Extortion and Professional Irresponsibility

 

Most people often have the misconception that being a member of the legal profession automatically affords one a “get-out-of-jail-free” card. Needless to say, such a privilege has not and will not, ever be available to any member of society, including those who make, shape and enforce the law. A lesson which two Tennessee lawyers chose to learn the hard way, instead of in a Professional Responsibility course.  “Two Tennessee lawyers have been indicted by a grand jury [on March 12, 2014] in an extortion case . . . They are accused of pressuring a client [Michelle Langolis] several years ago to pay $50,000 in probate case legal fees she had not agreed to pay by threatening her with arrest.” [1]   Additionally, attorneys Carrie Gasaway,  and Fletcher Long, who once worked together as law partners, did go on to have Langolis arrested on a theft-of-services charge, alleging that she had issued them a bad $50,000 check, eventually these charges were dropped. [2] However, after being arrested Langolis retained the services of another attorney who had her bond reduced to a reasonable amount, and on February 28, 2012 “at the request of District Attorney General John Carney, the Tennessee Bureau of Investigation (TBI) began looking into the allegation.[3] In October 2010, Langlois sought the legal services the accused, in the reading of her father’s will. [4] “An initial fee for the services was agreed upon by both parties….after the will reading, Gasaway asked Langlois to sign a contract for an additional $50,000…when Langlois refused, Gasaway and Long made continued demands for the additional payment and then obtained an arrest warrant for the victim with a $75,000 bond.”[5]

 

On March 5, 2014, after a two year investigation the case was finally filed with Montgomery County Grand Jury.[6] The grand jury returned indictments on one count of Extortion against Gasaway and one against Long. It is only right that both attorneys be treated as having the same mental state and criminal intent within this particular circumstance. Both individuals “unlawfully and intentionally, knowingly or recklessly” used coercion upon a former client.[7] Their actions are not only morally and ethically wrong, but they should be punished in both the professional and criminal capacity. Gasaway and Long’s unethical legal practices hurt the profession as whole because it enhances the long standing negative perceptions some members of society harbor towards lawyers. Their actions were also detrimental to past clients, which is a clear violation of Model Rule 8.4 (b), which prohibits a lawyer from committing criminal acts of any kinds.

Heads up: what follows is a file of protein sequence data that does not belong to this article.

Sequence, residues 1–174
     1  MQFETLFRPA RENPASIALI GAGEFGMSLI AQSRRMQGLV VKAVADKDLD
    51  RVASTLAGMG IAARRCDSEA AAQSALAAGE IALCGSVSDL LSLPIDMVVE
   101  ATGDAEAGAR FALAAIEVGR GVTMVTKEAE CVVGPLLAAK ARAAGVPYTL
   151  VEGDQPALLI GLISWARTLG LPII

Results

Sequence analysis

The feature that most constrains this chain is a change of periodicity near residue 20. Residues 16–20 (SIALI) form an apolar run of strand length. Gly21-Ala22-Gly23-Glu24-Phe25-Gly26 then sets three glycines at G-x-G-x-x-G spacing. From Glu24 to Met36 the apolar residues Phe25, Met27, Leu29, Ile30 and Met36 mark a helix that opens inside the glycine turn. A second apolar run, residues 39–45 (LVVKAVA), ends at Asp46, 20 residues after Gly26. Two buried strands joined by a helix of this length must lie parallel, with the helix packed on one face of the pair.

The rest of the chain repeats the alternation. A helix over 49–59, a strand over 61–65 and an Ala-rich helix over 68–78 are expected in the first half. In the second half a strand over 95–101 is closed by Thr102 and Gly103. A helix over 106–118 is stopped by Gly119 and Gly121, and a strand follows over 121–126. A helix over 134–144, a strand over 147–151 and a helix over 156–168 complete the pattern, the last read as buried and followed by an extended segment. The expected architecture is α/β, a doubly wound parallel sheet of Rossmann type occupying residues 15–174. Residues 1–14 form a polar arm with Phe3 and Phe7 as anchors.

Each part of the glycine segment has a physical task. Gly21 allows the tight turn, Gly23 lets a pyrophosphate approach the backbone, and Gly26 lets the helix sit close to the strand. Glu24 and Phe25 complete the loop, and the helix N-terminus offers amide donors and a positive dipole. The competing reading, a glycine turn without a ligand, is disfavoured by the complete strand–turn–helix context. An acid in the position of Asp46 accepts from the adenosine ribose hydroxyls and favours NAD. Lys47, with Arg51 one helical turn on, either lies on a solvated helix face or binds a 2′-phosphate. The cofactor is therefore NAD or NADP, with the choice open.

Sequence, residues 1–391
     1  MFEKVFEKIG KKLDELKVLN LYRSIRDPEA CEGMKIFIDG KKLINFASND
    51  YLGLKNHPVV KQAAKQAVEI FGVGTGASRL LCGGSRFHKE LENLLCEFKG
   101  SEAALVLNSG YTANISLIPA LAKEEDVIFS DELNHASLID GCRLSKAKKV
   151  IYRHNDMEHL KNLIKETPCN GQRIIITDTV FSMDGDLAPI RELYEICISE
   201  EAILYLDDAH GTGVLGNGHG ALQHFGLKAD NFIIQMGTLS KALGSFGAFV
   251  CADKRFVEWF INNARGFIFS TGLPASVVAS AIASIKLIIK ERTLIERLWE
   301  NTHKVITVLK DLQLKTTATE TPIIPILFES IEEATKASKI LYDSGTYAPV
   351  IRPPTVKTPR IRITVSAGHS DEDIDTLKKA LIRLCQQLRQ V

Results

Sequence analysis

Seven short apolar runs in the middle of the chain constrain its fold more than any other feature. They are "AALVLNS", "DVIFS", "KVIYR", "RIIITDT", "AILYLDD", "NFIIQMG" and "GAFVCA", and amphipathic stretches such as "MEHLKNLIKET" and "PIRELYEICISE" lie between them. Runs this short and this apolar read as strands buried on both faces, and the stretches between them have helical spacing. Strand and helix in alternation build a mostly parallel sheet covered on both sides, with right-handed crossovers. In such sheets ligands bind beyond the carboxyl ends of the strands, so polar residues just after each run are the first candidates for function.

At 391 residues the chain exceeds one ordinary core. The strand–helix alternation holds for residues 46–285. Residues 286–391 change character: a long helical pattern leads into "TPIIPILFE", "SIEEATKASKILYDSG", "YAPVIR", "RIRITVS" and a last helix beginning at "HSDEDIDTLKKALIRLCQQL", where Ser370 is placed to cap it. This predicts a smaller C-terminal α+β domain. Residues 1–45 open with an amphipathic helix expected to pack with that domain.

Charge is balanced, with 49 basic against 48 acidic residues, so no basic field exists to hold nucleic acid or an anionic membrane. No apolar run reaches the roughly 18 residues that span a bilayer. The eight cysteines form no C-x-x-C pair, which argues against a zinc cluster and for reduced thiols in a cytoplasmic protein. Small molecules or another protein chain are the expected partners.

Outside of possibly being sanctioned professionally by the ABA for professional misconduct, Gasaway and Long face far more serious charges in state court. Most states define extortion as “the gaining of property or money by almost any kind of force, or threat of 1) violence, 2) property damage, 3) harm to reputation, or 4) unfavorable government actions.” [8] Individuals who are extorted can be thought of as victims of bullying because they are forced to do things outside of their will, out of fear instilled in them by someone who seems more powerful and/or threatening. Gasaway and Long threatened their former client with jail time and then made good on their promise when she refused to pay such an outrageous amount of money for a probate case. It is important for the court to send the message that there is no room for such professional misconduct within this particular career field. Lawyers are advocates, counselors and trusted confidants, who owe a duty of loyalty and care to all of their current, past and perspective clients. Failing to properly punish and/or fine Gasaway and Long would have negative professional and ethical implications for practicing lawyers in the future, it could send a message that over charging clients and black mailing them is acceptable when in fact it is not and has never been.

 

 Gasaway and Long surrendered at the Montgomery County Jail on March 12, 2014 and both were released on their own recognizance.[9] The arraignment hearing was held that same day.[10]  Nonetheless, this investigation is still active and ongoing, with District Attorney General Tommy Thompson prosecuting the case.[11] It is highly probable that with the insurmountable time spent investigating this incident and with the support of the evidence collected both Gasaway and Long will likely face harsh professional and criminal disciplinary sanctions, which are justly deserved for their great displays of professional irresponsibility.

 


[1] Neil, Martha. “2 Lawyers Indicted for Extortion, Accused of Using Arrest Threat to Seek Purported Fees from Client.” 2 Lawyers Indicted for Extortion, Accused of Using Arrest Threat to Seek Purported Fees from Client. American Bar Association Journal, 12 Mar. 2014. Web. 20 Mar. 2014. <http://www.abajournal.com/news/article/2_lawyers_indicted_in_extortion_case_accused_of/?utm_source=feedburner&utm_medium=feed&utm_campaign=ABA+Journal+Top+Stories>.

[2] Id.

[3] Illanatate. “TBI Arrests Two Attorneys in Extortion Case | Tennessee Bureau of Investigation.” Tennessee Bureau of Investigation. Tennessee Bureau of Investigation, 12 Mar. 2014. Web. 20 Mar. 2014. <http://tbinews.wordpress.com/2014/03/12/tbi-arrests-two-attorneys-in-extortion-case/>.

[4] Id.

[5] Id.

[6] Id.

[7] Green, Tavia D. “Two Clarksville Attorneys Charged with Extortion.” The Leaf Chronicle. The Leaf Chronicle, 13 Mar. 2014. Web. 20 Mar. 2014. <http://www.theleafchronicle.com/article/20140312/NEWS01/303120021>.

[8] “Extortion.” Findlaw. N.p., n.d. Web. 20 Mar. 2014. <http://criminal.findlaw.com/criminal-charges/extortion.html>.

[9] Id.

[10] Id.

[11] Id.

 

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